PAGE. Abstracts of the Annual Meeting of the Population Approach Group in Europe.
PAGE 25 (2016) Abstr 3687 [www.page-meeting.org/?abstract=3687]
Oral: Drug/Disease modelling
Marc Vandemeulebroecke, Johanna Mielke, Peter Quarg, Tillmann Krahnke, Bj÷rn Bornkamp, Andreas Monsch
Novartis Pharma AG; Memory Clinic Basel
Objectives: The goals of this work were to investigate which cognitive domains carry most information on earliest signs of cognitive decline in the elderly, to characterize the subjects' cognitive trajectory over time and to understand which subject characteristics impact this trajectory. This is relevant for better understanding whom to treat and what to measure in early intervention trials in slowly progressing neurodegenerative diseases such as Alzheimer’s disease (AD).
Methods: A longitudinal Item Response Theory (IRT) model was developed for cognitive data from the BASEL study, in which 1750 mostly healthy elderly subjects were observed over up to 14 years per subject. The model extends an earlier cross-sectional model  (which was inspired by ) into a fully longitudinal IRT model, in which the multifaceted nature of the response and its longitudinal trajectory are modeled jointly. It was implemented in a Bayesian framework with noninformative priors, using WinBUGS, JAGS and STAN.
Results: 'CVLT-Word List Learning' and 'CERAD-Word List Learning' as well as 'CVLT-Word List Long Delay Free Recall' and 'CERAD-Word List Delayed Recall' carried most information in the BASEL sample (15.5%, 13.1%, 10.3% and 8.8%, respectively, of the total amount of information). The Mini Mental Status Examination (MMSE) and word list recognition tasks were informative only in the range of low cognitive abilities. Greater age at baseline, positive APOE4 carrier status, and less years of education were significantly associated with a faster cognitive decline. WinBugs, JAGS and STAN provided virtually identical results. JAGS provided the best compromise between efficiency and practicality.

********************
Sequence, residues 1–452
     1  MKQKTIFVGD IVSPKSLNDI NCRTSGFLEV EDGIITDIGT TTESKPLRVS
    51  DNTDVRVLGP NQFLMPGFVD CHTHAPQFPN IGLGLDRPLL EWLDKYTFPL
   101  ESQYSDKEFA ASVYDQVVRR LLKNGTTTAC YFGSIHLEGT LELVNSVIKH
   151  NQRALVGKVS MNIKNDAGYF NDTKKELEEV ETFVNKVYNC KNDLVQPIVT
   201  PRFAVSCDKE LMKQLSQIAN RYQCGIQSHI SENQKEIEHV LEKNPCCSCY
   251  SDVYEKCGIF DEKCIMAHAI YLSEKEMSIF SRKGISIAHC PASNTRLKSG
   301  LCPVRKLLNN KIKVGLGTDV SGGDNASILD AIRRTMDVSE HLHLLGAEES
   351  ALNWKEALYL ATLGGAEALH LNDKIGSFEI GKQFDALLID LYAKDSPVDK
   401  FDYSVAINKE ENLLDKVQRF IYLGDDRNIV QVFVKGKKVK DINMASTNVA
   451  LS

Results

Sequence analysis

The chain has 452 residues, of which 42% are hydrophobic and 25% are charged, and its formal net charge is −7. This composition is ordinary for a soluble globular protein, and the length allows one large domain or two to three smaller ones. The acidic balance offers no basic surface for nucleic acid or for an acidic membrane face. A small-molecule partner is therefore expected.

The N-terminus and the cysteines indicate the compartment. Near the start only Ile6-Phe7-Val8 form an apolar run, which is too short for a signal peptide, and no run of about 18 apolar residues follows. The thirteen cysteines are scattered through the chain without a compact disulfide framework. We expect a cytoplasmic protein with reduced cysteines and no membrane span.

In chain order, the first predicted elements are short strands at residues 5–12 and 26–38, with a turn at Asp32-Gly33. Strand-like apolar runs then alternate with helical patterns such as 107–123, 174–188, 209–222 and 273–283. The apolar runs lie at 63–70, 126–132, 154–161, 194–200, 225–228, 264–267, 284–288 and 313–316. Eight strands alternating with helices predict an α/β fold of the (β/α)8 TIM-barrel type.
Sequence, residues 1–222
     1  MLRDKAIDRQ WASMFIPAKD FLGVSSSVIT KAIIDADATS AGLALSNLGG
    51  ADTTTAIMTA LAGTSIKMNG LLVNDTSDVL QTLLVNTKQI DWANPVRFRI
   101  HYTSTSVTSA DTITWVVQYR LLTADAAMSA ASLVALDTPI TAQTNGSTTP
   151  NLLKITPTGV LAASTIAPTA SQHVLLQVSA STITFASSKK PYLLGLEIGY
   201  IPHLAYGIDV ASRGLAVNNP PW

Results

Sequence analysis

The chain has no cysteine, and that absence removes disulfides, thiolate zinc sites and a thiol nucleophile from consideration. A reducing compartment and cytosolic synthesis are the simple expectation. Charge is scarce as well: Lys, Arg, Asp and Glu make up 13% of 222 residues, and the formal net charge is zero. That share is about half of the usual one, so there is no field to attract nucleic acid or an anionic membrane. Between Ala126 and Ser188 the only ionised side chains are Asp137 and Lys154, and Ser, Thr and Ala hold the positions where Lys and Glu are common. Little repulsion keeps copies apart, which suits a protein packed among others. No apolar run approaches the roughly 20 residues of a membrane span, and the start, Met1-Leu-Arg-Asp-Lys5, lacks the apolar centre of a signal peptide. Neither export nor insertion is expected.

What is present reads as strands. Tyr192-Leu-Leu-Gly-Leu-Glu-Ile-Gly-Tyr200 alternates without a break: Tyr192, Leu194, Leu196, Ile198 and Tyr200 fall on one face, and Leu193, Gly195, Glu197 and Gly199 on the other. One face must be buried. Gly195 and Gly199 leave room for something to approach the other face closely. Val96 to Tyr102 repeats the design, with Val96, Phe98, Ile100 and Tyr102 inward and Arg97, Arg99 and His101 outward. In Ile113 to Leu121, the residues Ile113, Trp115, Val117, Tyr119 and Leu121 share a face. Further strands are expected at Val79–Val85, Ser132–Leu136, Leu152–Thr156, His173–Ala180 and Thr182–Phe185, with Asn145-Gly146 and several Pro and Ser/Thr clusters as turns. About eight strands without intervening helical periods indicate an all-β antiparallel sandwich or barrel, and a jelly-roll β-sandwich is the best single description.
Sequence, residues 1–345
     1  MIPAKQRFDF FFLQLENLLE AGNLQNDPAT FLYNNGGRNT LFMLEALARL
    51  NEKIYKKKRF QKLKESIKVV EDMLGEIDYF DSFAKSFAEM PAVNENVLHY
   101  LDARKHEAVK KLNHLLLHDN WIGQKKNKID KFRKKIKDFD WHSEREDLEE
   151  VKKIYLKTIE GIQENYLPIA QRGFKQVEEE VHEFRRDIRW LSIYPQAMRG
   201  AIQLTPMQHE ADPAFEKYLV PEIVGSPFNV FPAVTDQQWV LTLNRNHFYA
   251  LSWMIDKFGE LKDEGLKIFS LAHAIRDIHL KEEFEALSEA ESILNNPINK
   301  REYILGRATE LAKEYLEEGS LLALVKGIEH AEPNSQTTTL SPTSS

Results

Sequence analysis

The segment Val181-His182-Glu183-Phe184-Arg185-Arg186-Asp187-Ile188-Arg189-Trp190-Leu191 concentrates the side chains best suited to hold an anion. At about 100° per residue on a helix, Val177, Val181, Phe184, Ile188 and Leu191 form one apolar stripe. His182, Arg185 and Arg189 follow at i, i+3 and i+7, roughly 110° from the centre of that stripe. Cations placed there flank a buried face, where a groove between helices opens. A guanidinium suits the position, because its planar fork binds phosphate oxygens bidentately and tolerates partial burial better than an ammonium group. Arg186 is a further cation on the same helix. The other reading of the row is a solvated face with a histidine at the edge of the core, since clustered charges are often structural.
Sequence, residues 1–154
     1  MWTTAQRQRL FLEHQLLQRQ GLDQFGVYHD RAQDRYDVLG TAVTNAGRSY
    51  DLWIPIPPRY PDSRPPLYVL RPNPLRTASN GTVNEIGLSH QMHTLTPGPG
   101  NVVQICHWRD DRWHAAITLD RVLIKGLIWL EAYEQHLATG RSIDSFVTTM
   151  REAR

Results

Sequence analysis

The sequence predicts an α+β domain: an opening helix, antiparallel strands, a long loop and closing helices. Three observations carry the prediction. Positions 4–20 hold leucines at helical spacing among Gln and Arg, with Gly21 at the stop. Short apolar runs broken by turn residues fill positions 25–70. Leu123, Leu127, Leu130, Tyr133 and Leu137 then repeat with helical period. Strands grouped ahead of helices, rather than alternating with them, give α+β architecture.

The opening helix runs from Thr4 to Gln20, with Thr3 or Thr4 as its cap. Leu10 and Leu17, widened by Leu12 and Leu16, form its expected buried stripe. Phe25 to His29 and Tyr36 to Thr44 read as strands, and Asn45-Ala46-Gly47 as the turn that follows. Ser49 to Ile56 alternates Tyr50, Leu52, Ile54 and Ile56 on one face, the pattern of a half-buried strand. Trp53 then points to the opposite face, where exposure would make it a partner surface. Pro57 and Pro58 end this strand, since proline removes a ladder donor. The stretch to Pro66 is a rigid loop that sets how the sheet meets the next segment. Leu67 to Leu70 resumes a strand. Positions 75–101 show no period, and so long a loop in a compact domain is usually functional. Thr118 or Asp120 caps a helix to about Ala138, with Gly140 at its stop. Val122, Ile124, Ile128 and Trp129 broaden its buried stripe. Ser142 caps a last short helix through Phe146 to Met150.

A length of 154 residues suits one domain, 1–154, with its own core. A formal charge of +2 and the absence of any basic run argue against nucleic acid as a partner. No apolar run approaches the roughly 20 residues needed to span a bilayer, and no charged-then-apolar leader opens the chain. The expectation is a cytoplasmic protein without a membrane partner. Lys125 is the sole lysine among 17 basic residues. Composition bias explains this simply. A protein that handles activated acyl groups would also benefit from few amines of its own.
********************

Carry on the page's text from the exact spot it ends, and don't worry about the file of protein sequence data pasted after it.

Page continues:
Conclusions: Fully longitudinal IRT modeling, as applied here in a mostly healthy elderly population, is a suitable method to capture the multifaceted nature of cognition and its longitudinal trajectory jointly. It is computationally more intensive than cross-sectional IRT models (such as  and ), but it allows the estimation of the IRT parameters based on all data. It would be of interest to apply this method also to a cohort with prodromal or mild AD.